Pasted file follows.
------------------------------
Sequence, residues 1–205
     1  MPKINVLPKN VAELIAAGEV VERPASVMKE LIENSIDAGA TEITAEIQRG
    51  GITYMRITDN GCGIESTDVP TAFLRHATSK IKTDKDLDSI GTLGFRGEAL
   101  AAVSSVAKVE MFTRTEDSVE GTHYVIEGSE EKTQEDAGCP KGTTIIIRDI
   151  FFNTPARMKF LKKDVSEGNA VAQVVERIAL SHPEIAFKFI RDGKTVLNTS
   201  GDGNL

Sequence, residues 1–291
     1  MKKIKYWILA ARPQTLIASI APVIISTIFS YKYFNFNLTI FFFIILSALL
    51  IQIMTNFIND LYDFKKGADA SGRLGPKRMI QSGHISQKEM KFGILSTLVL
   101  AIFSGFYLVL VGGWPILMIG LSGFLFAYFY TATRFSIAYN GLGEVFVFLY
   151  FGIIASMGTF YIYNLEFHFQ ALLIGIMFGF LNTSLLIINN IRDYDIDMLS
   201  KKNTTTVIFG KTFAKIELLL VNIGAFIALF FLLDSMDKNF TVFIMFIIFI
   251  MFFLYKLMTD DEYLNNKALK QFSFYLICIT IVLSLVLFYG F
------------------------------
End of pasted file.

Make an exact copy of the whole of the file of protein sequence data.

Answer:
Sequence, residues 1–205
     1  MPKINVLPKN VAELIAAGEV VERPASVMKE LIENSIDAGA TEITAEIQRG
    51  GITYMRITDN GCGIESTDVP TAFLRHATSK IKTDKDLDSI GTLGFRGEAL
   101  AAVSSVAKVE MFTRTEDSVE GTHYVIEGSE EKTQEDAGCP KGTTIIIRDI
   151  FFNTPARMKF LKKDVSEGNA VAQVVERIAL SHPEIAFKFI RDGKTVLNTS
   201  GDGNL

Sequence, residues 1–291
     1  MKKIKYWILA ARPQTLIASI APVIISTIFS YKYFNFNLTI FFFIILSALL
    51  IQIMTNFIND LYDFKKGADA SGRLGPKRMI QSGHISQKEM KFGILSTLVL
   101  AIFSGFYLVL VGGWPILMIG LSGFLFAYFY TATRFSIAYN GLGEVFVFLY
   151  FGIIASMGTF YIYNLEFHFQ ALLIGIMFGF LNTSLLIINN IRDYDIDMLS
   201  KKNTTTVIFG KTFAKIELLL VNIGAFIALF FLLDSMDKNF TVFIMFIIFI
   251  MFFLYKLMTD DEYLNNKALK QFSFYLICIT IVLSLVLFYG F